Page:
Man in his 30s with shaved head and light pink shirt standing at an angle with arms folded authoritatively looking at the camera.
Paul O’Neill. Image: Dun & Bradstreet

Principal engineer: ‘No one knows everything about everything’

13 Jun 2019

A principal engineer in Dun & Bradstreet told about the biggest surprises and challenges he has faced in his career.

When you just start out in your technology career, it can feel very overwhelming. There will be plenty of senior people around you who seem to know absolutely everything.

However, Paul O’Neill, a principal engineer at Dun & Bradstreet, said he came to realise that this was very much a myth and that, even at a junior level, he could make a valuable contribution to the business. Here, he shares a bit about his career journey and his advice for future talent.

What first stirred your interest in a career in this technology?

Ever since I was young, I have been intrigued by computers. I wrote my first program when I was 12 and have never really stopped.

What education and other jobs led you to the role you now have?

I have a BSc in science from UCD, but I would say that my interest in computers led me to that degree rather than the other way around. Back then, there was no dedicated computer science degree offered, so I got to experience things like physics, geology and psychology, along with the more obvious maths and computer-oriented courses.

What were the biggest surprises or challenges you encountered on your career path?

In the beginning, it was easy to assume that everyone with more experience than me knew more about everything than I did, but the field is so broad that no one knows everything about everything. Realising that I could make a valuable contribution to a technology choice or design decision, even as a more junior employee, was something of an eye-opener for me. It allowed me to be much more involved during technical discussions.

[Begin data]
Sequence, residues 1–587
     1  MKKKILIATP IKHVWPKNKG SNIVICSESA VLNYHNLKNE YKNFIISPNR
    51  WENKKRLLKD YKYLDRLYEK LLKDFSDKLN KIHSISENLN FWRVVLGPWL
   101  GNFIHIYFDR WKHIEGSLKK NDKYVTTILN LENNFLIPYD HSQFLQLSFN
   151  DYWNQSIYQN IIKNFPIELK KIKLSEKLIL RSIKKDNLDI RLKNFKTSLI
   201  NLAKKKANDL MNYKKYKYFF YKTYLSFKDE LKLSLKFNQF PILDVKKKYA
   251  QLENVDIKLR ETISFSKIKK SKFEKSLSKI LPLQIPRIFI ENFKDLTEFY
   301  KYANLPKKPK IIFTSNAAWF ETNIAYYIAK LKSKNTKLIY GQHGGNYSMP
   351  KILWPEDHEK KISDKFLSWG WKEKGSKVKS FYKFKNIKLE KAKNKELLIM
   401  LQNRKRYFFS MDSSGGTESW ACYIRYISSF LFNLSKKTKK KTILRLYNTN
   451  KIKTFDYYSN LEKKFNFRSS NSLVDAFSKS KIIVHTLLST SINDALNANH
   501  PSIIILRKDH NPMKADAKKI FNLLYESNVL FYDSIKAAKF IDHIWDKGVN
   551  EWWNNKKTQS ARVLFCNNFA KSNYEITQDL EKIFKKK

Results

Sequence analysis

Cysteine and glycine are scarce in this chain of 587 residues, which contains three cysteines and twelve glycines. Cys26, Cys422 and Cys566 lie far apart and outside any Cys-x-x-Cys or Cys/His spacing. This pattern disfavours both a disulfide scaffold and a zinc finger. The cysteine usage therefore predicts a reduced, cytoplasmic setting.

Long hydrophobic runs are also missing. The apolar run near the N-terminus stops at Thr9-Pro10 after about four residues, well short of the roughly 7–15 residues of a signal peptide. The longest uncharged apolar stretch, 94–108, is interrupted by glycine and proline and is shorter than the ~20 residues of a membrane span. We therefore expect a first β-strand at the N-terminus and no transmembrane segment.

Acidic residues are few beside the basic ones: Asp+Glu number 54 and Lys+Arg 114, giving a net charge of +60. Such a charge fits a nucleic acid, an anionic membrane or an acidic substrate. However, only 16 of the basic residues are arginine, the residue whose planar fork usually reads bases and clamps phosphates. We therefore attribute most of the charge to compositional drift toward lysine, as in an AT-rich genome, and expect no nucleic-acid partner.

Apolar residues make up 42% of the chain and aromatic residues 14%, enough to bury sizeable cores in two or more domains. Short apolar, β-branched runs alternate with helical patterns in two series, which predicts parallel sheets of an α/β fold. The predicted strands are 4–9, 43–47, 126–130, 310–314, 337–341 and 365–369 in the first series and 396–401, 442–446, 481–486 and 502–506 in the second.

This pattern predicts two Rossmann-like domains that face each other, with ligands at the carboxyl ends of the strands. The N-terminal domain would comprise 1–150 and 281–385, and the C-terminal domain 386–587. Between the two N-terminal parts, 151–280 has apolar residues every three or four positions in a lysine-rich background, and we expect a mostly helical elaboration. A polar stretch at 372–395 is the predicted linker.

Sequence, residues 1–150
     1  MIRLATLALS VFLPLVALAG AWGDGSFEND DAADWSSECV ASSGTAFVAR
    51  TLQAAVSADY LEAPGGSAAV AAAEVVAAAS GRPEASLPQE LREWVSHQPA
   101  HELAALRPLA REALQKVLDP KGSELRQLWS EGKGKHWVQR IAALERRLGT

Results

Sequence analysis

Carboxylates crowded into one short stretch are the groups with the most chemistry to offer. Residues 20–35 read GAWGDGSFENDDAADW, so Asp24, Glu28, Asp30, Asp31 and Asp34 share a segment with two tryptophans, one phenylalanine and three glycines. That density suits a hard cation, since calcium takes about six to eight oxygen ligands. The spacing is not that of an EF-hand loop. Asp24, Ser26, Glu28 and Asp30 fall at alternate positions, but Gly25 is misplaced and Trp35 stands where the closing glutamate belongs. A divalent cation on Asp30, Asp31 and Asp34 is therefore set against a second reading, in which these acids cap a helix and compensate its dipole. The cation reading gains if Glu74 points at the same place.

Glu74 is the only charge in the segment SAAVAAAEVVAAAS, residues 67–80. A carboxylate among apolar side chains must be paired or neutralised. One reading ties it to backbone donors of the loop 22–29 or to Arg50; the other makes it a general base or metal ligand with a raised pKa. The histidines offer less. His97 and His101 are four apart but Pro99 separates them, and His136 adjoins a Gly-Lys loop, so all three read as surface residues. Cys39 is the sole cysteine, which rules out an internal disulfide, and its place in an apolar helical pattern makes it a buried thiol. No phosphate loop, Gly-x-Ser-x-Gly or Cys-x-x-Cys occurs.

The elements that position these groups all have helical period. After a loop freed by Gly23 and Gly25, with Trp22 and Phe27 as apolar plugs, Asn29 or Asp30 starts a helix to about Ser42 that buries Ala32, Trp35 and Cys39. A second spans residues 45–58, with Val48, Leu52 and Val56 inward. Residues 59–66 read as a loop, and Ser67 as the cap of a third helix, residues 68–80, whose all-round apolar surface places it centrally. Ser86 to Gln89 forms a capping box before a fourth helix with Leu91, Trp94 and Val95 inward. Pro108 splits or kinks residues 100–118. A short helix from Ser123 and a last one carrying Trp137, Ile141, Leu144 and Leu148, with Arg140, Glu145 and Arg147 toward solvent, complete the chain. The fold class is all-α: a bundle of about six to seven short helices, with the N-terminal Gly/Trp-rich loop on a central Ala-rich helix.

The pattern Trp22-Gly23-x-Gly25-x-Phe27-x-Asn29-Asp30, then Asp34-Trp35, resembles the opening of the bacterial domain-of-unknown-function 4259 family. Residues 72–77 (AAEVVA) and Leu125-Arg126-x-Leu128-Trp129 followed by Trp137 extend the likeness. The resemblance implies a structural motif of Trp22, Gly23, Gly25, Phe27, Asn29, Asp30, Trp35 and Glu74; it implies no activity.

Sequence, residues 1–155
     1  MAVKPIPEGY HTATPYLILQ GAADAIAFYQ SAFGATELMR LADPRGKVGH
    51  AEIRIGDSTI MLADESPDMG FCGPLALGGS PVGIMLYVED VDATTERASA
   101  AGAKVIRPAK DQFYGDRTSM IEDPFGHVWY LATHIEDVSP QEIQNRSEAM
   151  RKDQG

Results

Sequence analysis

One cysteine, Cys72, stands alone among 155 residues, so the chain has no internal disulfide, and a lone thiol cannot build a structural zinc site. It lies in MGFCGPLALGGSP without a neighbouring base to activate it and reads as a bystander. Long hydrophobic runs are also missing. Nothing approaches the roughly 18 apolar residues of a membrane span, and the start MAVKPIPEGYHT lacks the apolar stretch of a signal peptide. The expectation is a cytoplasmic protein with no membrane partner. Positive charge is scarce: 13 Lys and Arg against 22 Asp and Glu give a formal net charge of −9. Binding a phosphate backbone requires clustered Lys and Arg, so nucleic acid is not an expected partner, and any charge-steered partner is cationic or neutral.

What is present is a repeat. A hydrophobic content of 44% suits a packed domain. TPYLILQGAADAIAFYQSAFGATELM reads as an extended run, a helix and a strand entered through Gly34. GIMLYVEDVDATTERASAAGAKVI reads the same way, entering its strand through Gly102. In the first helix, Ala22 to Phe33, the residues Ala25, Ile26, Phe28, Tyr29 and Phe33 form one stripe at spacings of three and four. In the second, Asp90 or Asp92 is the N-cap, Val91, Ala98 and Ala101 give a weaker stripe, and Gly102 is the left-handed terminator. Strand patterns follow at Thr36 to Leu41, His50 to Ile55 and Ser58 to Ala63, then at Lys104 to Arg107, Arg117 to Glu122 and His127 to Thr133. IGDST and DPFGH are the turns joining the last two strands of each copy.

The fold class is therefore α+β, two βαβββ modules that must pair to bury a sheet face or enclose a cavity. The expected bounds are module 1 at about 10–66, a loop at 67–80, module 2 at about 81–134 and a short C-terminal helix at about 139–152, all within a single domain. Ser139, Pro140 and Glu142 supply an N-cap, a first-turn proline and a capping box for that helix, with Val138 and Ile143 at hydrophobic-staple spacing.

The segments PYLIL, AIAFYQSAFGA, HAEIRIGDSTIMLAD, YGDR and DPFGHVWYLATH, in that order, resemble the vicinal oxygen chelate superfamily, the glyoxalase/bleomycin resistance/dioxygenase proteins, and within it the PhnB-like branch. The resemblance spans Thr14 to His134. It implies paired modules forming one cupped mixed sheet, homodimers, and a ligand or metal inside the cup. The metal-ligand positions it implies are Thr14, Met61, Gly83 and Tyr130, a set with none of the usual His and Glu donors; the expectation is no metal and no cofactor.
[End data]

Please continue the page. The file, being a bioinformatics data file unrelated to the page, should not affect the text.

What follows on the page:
For me, the biggest challenge was accepting the realities of being part of a business. The business priorities do not always line up with technical priorities, and as engineers we need to be pragmatic about our solutions to balance business needs against technical desires. Learning how to compromise on a delivery without piling on tech debt is a skill that every engineer must learn.

Was there any one person who was particularly influential as your career developed?

I’ve worked with many great people and taken lots from each of them. It takes all sorts of skills to succeed in the tech industry, so typically your team is made up of people with various complementary skills. As I said earlier, no one knows everything about everything!

What do you enjoy about your job?

I have always enjoyed problem-solving and working out different ways of doing things. I get great satisfaction from building something and then watching it do exactly what it was supposed to do.

What aspects of your personality do you feel make you suited to this job?

I’m naturally an inquisitive person who likes poking at things to see how they work, to see how they might fail and to see how they might possibly be done better. I think this is a pretty good description of what an engineer is and this approach has stood by me in my career so far.

How did Dun & Bradstreet support you on your career path?

From a technical development point of view, Dun & Bradstreet affords me the time and resources to investigate new technologies and determine if they are suitable for our use cases. This can range from time allocated for research and development to more formal training and everything in between.

They have also allowed my responsibilities to grow as I have progressed within the company, from being a junior team member right up to leading technical teams and engaging with C-level executives.

Finally, the culture of accountability has helped shape my approach to my job, ensuring that I understand the whole life cycle from business need to product delivery and support.

What advice would you give to those considering a career in this area, or just starting out in one?

Try to learn as much as you can about the business and don’t just focus on the technology aspects. Of course, being up to date with technologies is important, but to be a valuable employee you need to understand what drives your business and makes it successful. Then, identify how technology can help enable that success.

Want to work at Dun & Bradstreet? Check out its careers page for current vacancies.

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